Understanding Your Risk for Heart Attack

Jul 30, 2013 | CenExel JBR, Clinical Trial

Understanding Your Risk for Heart Attack

Jul 30, 2013CenExel JBR, Clinical Trial

Cardiovascular disease is the leading cause of death globally. Certain uncontrollable factors, like genetics, predispose an individual to experiencing a heart attack; however, you can control or treat most risk factors to reduce your risk of cardiovascular disease.

What are the Risk Factors of Cardiovascular Disease?

There are both controllable and uncontrollable factors that make an individual more likely to develop cardiovascular disease.

 Uncontrollable Risks:

  • Age: As you age you become more likely to develop cardiovascular disease or experience a heart attack due to slight physiologic changes in the heart. It can also be more difficult to treat CVD in individuals of an advanced age, resulting in more extensive damage.
  • Gender: Men are more likely to develop heart disease than women. However, after a woman reaches menopause, her risk increases to that of a man’s.
  • Family History:  Genetics play a role in your risk factor for cardiovascular disease. If an immediate family member has had coronary heart disease by the age of 55 (or by the age of 65 for women), your risk increases.

Modifiable Factors:

  • Tobacco Use: Smoking cigarettes greatly increase the risk of cardiovascular disease, especially in people under the age of 50. Smoking increases the risk of cardiovascular disease by temporarily increasing blood pressure, lowering exercise tolerance, damaging blood vessels, lowering the blood’s oxygen levels, and contributing to blood clot development.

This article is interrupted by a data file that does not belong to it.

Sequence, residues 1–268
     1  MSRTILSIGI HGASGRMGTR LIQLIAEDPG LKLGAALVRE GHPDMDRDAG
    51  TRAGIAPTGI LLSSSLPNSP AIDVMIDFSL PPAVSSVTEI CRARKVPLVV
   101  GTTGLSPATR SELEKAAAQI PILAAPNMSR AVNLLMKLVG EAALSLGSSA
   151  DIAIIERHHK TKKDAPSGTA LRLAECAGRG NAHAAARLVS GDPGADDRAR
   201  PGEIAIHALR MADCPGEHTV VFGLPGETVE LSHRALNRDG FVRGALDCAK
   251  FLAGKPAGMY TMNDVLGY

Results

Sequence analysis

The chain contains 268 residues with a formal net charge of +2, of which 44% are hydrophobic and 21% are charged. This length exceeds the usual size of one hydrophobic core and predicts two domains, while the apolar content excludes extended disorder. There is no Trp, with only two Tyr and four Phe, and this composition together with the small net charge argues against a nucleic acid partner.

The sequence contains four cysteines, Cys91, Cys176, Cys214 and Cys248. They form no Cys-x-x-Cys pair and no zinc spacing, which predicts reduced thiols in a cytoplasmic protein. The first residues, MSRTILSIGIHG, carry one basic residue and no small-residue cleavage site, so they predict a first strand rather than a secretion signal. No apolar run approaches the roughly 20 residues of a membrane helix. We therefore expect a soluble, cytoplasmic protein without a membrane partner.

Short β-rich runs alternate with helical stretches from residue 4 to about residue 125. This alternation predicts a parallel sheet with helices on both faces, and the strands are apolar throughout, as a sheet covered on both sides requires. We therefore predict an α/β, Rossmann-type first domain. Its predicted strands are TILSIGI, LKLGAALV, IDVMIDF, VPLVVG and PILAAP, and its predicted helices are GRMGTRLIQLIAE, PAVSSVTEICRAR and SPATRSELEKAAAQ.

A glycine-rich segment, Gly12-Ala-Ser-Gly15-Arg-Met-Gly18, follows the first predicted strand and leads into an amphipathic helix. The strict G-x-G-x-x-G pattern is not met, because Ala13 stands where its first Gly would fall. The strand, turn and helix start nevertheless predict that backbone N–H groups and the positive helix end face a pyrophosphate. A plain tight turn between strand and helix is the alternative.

• High Blood Pressure (Hypertension): Hypertension is the leading cause of cardiovascular disease globally. Individuals with high blood pressure (usually defined as 140/90 or higher) are more likely to experience cardiac events.
  • High Cholesterol: There are two types of cholesterol in the blood: LDL (“bad” cholesterol) that clogs arteries, and HDL (“good” cholesterol) that clears artery blockage. LDL levels should be 129 or under; HDL levels should 60 or higher. If there are high levels of LDL cholesterol in the blood, it begins to accumulate on the artery walls. As the arteries become increasingly narrow, blood is slowed or blocked, reducing the amount of oxygen that reaches the heart. The extra stress on the heart caused by high cholesterol, especially when combined with other risk factors, can increase the risk of cardiovascular disease.
  • Unhealthy Weight: People with excess body fat are more likely to develop cardiovascular disease, especially if they carry the extra weight on their waist. Unhealthy weight increases blood pressure and cholesterol as well as increasing the risk for diabetes.
  • Diabetes: Diabetes greatly increases your risk of developing cardiovascular disease. The risk of a heart-related incident or death dramatically increases if blood sugar is not well managed.
  • Physical Inactivity: Inactivity is a major risk factor for cardiovascular disease. Physical activity helps strengthen the heart and blood vessels. Additionally, physical inactivity fuels other risk factors such as unhealthy weight, diabetes, etc.

JBR Clinical Research is conducting a clinical research study for an investigational medication to see if it can help reduce LDL levels and increase HDL levels. Qualified participants must be over 18 and at high risk for cardiovascular events. Participants may receive study medication, evaluation by a qualified physician at no cost, and compensation of up to $850 for time and travel. Learn more about this cardiovascular study.